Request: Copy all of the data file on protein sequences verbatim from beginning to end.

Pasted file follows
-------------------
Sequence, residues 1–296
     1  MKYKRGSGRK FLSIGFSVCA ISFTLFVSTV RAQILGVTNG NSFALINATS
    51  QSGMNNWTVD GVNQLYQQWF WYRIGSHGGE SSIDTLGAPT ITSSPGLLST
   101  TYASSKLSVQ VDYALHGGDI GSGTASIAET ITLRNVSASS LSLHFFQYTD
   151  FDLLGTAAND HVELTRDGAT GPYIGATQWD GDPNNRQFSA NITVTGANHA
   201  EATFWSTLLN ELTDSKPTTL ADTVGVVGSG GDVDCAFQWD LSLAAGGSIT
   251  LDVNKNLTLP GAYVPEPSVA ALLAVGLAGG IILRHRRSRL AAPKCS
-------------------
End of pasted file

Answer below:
Sequence, residues 1–296
     1  MKYKRGSGRK FLSIGFSVCA ISFTLFVSTV RAQILGVTNG NSFALINATS
    51  QSGMNNWTVD GVNQLYQQWF WYRIGSHGGE SSIDTLGAPT ITSSPGLLST
   101  TYASSKLSVQ VDYALHGGDI GSGTASIAET ITLRNVSASS LSLHFFQYTD
   151  FDLLGTAAND HVELTRDGAT GPYIGATQWD GDPNNRQFSA NITVTGANHA
   201  EATFWSTLLN ELTDSKPTTL ADTVGVVGSG GDVDCAFQWD LSLAAGGSIT
   251  LDVNKNLTLP GAYVPEPSVA ALLAVGLAGG IILRHRRSRL AAPKCS